New York Mobile Sports Betting Bill Begin Legislative Journey

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The New York online sports betting bill that some lawmakers preferred over the governor’s state-run model has begun its legislative journey. The state Senate voted S1183 out of committee on Tuesday, a day before the Assembly voted A1257 out of committee. The bills will now be put to the vote on the floor, the first step for any law in the Empire State and the first such step towards legalizing mobile betting in New York.

Both the Democratic governor and lawmakers from both chambers are highly optimistic that the bill will be passed soon. It should be mentioned here, the process followed after the governor, who was traditionally opposed to the industry, came out in support of online sports betting to help balance the budgetary deficits created by the pandemic-led crisis.

Further Details of the Bill

The proposal sponsored by Sen. Joe Addabbo Jr. and Pretlow allows up to 14 mobile sportsbooks in New York through four commercial casinos and three tribal casinos, each of which can partner with up to two digital sportsbooks. Professional sports stadiums and off-track betting facilities can also pair with a casino to host betting kiosks under this bill.

Each online operator must pay a one-time $12 million fee, which means the Empire State could draw $168 million in revenue once all 14 licenses are awarded, even before anyone takes a bet. Additionally, sports betting revenue will be levied at 8.5% for retail bets and 12% for digital bets. 5% of those taxes will reimburse towards problem gambling programs. Importantly, mobile registration is also allowed.

When Can We See Live Sports Betting?

It appears that the Empire State can’t wait to inject the budget-deficient economy with sports betting-led revenue.

Various assembly members expressed enthusiastic support for the measure and its sponsor Assemblyman Gary Pretlow. “I just want to say congratulations, Gary, you’ve worked so long, and this is the time to pass this,” said Assemblywoman Aileen Gunther. So, it is very likely that the industry could launch well before the 2021 NFL season in September.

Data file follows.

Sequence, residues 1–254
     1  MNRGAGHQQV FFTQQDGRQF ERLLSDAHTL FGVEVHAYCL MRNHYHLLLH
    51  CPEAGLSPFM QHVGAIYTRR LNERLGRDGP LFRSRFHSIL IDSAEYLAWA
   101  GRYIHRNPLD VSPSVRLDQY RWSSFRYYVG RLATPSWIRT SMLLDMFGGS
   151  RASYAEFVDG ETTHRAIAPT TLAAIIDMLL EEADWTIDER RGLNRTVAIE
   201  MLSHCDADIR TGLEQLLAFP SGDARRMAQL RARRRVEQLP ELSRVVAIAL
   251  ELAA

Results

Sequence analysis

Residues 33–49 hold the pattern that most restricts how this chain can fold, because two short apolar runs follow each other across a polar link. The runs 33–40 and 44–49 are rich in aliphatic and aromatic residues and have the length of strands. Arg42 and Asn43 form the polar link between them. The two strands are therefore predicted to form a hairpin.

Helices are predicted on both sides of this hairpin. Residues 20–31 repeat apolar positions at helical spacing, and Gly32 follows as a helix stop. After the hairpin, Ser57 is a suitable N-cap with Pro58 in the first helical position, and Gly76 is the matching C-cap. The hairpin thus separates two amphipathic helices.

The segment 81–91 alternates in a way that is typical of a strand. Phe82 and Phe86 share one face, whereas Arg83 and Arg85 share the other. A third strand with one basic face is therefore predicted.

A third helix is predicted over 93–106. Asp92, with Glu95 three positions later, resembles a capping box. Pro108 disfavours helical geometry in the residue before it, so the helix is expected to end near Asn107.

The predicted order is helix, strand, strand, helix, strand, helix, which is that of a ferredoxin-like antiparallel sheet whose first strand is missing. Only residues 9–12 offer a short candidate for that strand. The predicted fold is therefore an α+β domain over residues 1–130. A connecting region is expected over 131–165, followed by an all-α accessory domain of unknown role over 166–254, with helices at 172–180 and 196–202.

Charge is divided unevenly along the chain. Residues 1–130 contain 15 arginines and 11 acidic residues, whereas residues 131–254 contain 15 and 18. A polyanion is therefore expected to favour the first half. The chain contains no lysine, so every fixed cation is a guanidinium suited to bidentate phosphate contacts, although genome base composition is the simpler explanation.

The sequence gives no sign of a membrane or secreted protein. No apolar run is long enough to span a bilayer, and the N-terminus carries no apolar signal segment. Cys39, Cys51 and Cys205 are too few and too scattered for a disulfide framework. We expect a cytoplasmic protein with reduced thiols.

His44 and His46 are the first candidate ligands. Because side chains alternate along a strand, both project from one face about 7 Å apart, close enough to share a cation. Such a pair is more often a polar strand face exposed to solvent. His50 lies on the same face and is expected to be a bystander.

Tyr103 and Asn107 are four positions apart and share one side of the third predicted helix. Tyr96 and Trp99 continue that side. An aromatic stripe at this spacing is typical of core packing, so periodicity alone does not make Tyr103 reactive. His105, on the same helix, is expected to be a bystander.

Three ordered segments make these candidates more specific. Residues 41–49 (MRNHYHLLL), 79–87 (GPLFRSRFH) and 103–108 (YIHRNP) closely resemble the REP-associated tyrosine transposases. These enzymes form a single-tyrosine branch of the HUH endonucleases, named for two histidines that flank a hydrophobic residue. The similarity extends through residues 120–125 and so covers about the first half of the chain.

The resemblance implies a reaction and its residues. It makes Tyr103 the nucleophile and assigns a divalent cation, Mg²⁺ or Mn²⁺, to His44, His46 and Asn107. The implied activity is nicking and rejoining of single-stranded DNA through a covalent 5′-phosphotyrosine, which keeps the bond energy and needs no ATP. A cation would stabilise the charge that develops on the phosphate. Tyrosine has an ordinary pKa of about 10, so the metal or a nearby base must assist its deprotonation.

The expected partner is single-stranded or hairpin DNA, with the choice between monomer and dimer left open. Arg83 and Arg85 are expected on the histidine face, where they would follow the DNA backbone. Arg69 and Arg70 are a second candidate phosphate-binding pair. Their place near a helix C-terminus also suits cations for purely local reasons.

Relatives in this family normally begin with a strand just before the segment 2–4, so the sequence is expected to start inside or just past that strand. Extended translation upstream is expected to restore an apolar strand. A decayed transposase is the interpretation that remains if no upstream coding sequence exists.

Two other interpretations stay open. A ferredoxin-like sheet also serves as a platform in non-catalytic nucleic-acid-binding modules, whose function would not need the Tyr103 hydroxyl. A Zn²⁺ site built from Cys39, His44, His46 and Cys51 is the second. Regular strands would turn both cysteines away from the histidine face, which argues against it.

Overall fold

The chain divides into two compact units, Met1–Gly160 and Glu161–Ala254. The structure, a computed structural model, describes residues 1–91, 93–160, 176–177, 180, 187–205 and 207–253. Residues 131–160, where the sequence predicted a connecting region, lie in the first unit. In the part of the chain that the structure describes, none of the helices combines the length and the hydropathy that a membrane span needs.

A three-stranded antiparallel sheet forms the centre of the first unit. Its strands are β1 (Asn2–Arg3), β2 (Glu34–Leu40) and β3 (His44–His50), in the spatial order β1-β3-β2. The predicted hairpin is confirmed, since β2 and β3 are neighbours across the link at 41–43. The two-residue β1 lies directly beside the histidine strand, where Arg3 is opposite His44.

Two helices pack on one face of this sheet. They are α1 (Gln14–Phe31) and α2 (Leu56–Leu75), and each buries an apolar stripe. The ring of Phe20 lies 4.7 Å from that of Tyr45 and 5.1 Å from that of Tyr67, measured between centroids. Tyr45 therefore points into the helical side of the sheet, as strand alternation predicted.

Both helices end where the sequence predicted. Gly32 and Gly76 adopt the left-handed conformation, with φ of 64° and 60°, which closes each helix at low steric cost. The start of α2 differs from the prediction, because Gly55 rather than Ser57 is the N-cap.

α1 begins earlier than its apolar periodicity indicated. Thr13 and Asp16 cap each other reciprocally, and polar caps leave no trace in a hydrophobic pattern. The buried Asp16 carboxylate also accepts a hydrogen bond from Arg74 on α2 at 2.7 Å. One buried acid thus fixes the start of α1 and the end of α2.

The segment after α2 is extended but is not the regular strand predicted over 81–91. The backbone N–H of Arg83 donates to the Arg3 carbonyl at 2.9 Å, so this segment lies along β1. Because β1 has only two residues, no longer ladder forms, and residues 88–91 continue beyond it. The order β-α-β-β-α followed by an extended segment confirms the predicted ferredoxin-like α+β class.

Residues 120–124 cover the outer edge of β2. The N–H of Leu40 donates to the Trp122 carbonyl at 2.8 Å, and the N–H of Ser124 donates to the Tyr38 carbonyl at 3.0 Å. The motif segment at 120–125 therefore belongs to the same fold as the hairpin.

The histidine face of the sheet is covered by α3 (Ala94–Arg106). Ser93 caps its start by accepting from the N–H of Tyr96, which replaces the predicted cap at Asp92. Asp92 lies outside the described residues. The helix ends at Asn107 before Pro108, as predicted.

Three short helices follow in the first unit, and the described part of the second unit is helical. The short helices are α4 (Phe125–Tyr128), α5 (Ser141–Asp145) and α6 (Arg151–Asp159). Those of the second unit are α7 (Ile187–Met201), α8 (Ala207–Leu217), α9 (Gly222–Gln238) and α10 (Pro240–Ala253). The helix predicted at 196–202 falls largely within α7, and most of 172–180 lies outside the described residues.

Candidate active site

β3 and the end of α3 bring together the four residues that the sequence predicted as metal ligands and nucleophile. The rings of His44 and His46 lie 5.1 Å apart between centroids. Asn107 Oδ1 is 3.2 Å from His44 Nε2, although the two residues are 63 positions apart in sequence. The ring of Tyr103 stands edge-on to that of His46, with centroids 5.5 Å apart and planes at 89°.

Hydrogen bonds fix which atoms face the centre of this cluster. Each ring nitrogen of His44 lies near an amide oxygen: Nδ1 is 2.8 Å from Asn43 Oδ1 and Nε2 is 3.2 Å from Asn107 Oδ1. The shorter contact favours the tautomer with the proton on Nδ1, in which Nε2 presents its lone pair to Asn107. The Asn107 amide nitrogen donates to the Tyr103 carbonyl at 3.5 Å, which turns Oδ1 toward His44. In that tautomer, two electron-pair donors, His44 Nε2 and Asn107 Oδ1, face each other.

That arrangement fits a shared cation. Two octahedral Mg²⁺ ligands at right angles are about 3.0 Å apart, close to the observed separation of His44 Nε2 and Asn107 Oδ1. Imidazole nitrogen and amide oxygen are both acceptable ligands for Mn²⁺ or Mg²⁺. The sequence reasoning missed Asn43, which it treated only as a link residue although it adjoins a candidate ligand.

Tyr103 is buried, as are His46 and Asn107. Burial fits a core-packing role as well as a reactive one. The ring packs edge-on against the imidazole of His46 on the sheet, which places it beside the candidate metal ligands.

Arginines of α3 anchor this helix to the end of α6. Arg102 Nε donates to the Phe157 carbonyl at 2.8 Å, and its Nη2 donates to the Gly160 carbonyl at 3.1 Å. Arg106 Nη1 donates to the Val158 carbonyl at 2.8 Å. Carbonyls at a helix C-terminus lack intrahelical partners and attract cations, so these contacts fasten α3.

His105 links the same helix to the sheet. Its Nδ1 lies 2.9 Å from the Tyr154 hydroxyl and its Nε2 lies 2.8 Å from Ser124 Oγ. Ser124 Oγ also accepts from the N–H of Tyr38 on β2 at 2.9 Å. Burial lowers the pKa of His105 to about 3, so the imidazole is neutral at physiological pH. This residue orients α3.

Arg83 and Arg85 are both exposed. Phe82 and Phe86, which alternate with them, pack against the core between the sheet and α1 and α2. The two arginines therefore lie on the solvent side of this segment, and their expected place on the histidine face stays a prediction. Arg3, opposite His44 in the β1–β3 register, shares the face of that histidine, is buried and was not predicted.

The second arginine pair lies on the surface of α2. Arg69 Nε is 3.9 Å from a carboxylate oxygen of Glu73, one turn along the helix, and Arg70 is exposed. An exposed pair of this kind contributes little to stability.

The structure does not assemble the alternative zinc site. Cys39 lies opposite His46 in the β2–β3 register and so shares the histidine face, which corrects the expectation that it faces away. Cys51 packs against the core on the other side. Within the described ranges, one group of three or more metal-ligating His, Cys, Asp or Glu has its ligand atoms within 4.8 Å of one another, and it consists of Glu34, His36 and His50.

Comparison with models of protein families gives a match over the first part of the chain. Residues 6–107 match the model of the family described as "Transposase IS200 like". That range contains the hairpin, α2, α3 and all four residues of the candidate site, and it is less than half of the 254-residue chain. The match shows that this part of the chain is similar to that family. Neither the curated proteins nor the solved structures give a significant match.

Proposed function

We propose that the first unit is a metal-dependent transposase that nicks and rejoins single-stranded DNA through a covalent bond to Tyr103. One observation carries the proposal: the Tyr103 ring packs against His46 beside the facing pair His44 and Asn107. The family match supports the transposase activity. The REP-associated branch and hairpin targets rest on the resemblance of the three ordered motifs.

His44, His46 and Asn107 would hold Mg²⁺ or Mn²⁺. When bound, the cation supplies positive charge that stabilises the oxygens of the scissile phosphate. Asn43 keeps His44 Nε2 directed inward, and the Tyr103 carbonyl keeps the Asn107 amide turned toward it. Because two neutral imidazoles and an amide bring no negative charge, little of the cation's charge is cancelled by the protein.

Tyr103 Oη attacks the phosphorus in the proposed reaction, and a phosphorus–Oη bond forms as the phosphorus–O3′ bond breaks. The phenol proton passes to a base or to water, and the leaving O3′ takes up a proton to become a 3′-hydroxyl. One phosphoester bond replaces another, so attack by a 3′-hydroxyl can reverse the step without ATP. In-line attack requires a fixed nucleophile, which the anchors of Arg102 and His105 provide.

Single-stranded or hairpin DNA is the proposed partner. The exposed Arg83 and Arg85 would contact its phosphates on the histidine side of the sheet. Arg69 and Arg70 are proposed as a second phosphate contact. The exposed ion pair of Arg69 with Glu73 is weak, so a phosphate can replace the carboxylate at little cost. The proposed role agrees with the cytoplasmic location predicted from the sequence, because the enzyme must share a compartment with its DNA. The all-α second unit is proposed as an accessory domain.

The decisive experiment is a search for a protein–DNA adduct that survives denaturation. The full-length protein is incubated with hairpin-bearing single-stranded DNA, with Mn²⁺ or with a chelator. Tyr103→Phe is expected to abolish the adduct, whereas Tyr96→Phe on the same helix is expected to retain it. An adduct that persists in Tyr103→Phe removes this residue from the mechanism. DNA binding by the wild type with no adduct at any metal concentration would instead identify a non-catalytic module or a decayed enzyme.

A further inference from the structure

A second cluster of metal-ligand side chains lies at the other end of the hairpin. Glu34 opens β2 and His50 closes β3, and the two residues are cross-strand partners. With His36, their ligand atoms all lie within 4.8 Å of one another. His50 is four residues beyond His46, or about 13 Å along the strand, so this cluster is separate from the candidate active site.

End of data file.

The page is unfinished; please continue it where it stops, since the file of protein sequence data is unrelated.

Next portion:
Once the bill becomes law, Pretlow does not want to allow the gaming commission to drag the matter as it did with retail sports betting. He was convinced that lawmakers and supporters of the bill will pressure them into doing this a lot quicker than they did with the retail sports betting that took more than a year before being put into place. Interestingly, the bill provides a much different model than the governor’s plan for a state-run format that he believes would draw more revenue for the State.

What is the Governor’s Model?

Cuomo, who previously resisted legalizing the industry, shifted his policy on mobile sports betting in recent weeks amid New York’s snowballing budget deficit due to the pandemic-led economic downturn. In his address, the three-time governor said that mobile sports betting could draw $500 million in annual revenue under a lottery-style state-run system. He said the Empire State has the potential to be “the largest market in the nation.”

However, unlike the recent legislative bill that allows up to 14 sportsbook operators, Cuomo said Tuesday that “This is not a moneymaker for private interests. We want the actual revenue from sports betting.” Cuomo said the state-run model, operated by one or two sportsbooks, would provide most profits for the State instead of accumulating wealth for casinos. 

Despite establishing his state-run model, Cuomo put forward a proposal for a multiple provider market in his State of the State address earlier in January. His initiative put the State Gaming Commission in charge of receiving applications from sportsbook operators. However, the governor’s latest comments reflect he still favors a state-run monopolized market.

How Much Handle Can We Expect?

Once launched, New York online sports betting is likely to transform the American betting landscape.

New Jersey, the national leader in terms of sports betting handle, will be particularly affected by such changes. According to some, 30% of New Jersey’s sports betting handle comes from New York and, as New York is two and a half times the size of the Garden State, the Empire State should expect to humble New Jersey’s leadership in the US sports betting industry once it goes live.

One lawmaker claims New York could achieve somewhere between $2 and $2.5 billion in monthly handle. However, it seems too bullish to expect such a whopping figure this early on.

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